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Last February’s revolution in Egypt is older news to us now than the Romanian Revolution of 1989 was when Mad Forest—postmodern British playwright Caryl Churchill’s dense, impressionistic portrait of that fast-flowering event—saw its first performance in the summer of 1990. The product of two working visits Churchill and director Mark Wing-Davey made to Romania in the months after the lickety-split trial and execution of despot Nicolae Ceauşescu, the sprawling piece captures the bedlam and the boredom of a society in rapid, violent upheaval.
Mad Forest’s first and third acts report the changeably sad fortunes of two households whose workaday struggles seem barely affected by regime change: Democracy won’t make you any happier to learn that your daughter wants to marry an American, or that she’s sleeping with a Hungarian. It won’t even necessarily make an abortion easier for her to procure.
The middle bit is an overlapping oral history of the bloody days leading up to Christmas 1989, presumably drawn from interviews by Churchill and about 50 students from two drama schools—one British, one Romanian—who assisted her during March 1990 research trips. Lighting designer Paul Frydrychowski turns the wattage way up for this direct-address interlude, signaling our stopover in documentary territory.
Save for the absence of social media, that oft-cited fertilizer of the Arab Spring, Mad Forest feels contemporary. To its credit, Forum Theatre’s earnest, beautifully acted staging retains the rickety quality those early productions must’ve had, despite its abundant craft: There are long (loooong), ornately choreographed dancing and fighting sequences; in the wedding that comprises most of Act 3, the former degenerates into the latter, suggesting that in the new Romania, chaos has supplanted terror. An earlier, more economical scene—wherein Alexander Strain’s art student casually discloses he’s reported on his mom (Rose McConnell) for her declarations of loyalty under the now-deposed Ceauşescu—makes much the same point more quietly and effectively.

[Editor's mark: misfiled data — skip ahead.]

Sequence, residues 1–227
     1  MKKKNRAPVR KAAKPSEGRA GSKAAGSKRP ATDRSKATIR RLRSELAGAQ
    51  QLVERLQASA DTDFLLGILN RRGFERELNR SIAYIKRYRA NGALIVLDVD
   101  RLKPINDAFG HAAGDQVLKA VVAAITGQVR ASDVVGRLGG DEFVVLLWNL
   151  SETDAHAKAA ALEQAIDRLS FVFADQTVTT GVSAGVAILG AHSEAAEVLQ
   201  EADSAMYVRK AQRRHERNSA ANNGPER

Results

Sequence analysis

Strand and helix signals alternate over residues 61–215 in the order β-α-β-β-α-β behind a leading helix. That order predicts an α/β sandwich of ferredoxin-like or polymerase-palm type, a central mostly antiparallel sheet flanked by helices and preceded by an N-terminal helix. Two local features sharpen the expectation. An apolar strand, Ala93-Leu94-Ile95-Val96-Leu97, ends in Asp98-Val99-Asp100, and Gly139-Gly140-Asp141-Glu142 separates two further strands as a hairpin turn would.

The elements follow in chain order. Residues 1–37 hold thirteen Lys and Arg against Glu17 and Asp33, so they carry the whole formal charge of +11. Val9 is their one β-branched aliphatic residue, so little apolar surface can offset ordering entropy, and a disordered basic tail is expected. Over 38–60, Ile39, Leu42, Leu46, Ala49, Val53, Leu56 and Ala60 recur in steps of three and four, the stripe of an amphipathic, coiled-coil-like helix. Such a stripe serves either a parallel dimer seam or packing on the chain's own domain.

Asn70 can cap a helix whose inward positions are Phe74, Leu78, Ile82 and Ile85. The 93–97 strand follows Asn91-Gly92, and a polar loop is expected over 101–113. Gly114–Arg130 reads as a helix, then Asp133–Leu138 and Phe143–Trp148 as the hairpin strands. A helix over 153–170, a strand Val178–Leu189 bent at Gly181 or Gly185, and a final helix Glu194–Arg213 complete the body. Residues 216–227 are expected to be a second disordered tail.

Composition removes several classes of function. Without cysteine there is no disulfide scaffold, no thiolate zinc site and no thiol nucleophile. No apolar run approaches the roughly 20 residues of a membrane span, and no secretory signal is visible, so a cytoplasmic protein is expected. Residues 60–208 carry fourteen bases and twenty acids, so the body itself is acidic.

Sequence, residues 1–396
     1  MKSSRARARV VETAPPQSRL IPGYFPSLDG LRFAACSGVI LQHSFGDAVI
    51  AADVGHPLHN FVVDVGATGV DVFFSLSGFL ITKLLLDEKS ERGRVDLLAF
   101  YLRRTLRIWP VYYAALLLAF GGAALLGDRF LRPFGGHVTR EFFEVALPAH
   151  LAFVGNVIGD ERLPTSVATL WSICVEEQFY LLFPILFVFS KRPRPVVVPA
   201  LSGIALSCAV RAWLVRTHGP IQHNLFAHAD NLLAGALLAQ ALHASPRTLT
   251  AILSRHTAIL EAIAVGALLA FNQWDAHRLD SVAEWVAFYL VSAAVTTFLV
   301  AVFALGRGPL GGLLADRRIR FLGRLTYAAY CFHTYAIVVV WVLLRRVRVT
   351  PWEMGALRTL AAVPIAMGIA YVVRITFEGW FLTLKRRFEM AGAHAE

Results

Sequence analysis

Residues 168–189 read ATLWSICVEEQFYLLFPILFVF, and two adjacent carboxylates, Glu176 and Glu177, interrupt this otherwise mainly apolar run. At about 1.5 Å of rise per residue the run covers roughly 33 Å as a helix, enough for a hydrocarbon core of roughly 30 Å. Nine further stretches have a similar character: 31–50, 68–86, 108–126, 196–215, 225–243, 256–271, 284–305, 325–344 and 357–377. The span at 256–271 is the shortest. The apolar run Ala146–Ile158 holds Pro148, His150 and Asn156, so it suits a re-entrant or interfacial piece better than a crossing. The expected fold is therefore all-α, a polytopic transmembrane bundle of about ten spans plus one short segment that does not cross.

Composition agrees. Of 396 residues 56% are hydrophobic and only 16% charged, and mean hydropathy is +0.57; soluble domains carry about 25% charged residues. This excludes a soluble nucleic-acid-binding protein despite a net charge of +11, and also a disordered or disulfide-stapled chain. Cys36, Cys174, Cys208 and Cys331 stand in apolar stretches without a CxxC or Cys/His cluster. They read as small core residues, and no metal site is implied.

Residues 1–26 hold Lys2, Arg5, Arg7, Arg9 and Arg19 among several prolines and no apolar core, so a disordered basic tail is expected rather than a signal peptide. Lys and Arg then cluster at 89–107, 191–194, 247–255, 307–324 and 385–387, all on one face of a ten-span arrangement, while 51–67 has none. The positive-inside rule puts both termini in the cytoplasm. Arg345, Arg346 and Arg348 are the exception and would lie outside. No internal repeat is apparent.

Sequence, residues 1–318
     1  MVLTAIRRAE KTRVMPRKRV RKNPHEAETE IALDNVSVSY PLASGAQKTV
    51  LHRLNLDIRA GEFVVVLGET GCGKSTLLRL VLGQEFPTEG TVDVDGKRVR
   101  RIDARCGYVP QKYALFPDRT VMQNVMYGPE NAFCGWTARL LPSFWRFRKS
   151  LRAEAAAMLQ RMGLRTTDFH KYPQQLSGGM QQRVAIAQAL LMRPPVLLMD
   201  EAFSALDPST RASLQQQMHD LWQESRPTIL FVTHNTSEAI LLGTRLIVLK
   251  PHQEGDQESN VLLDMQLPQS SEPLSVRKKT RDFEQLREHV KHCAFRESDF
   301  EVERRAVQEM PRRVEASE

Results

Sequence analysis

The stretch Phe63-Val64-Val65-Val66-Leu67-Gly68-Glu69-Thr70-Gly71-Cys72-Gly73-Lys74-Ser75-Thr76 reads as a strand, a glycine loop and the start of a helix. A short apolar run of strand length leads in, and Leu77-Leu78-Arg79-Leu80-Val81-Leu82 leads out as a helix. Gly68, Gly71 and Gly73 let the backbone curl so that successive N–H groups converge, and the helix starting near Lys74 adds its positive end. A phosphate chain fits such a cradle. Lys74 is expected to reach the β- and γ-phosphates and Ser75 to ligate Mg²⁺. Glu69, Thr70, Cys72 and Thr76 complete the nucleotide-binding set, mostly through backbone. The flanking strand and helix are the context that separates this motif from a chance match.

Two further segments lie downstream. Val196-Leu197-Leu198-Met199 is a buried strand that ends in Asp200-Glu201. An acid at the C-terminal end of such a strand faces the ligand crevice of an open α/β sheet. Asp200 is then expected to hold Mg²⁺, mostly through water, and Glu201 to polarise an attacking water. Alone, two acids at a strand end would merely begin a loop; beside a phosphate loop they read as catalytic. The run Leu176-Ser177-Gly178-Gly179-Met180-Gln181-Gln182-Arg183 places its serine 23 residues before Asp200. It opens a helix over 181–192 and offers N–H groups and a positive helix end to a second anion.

Paradoxically, Churchill’s diversions into surrealism, like a negotiation between a dog and a vampire (Ashley Ivey, bringing a menace equal to but different from his other roles as a priest and as spy-recruiter), are often clearer than the more naturalistic stretches, where even after nearly three hours, some relationships remain opaque. Dana Levanovsky and Mark Halpern manage to stand out as two onetime lovers whose long-term happiness isn’t in the cards. Director Michael Dove’s in-the-round staging gives the piece a more immersive and panoramic feeling than a more traditional stage-plot would offer, but also forces us to look at actors’ backs for much of the first act, muddying the basic arithmetic of who’s-who. You’re asking your audience to spend three humorless hours with you in Communist and post-Communist Romania. Maybe throw them a lifeline where you can?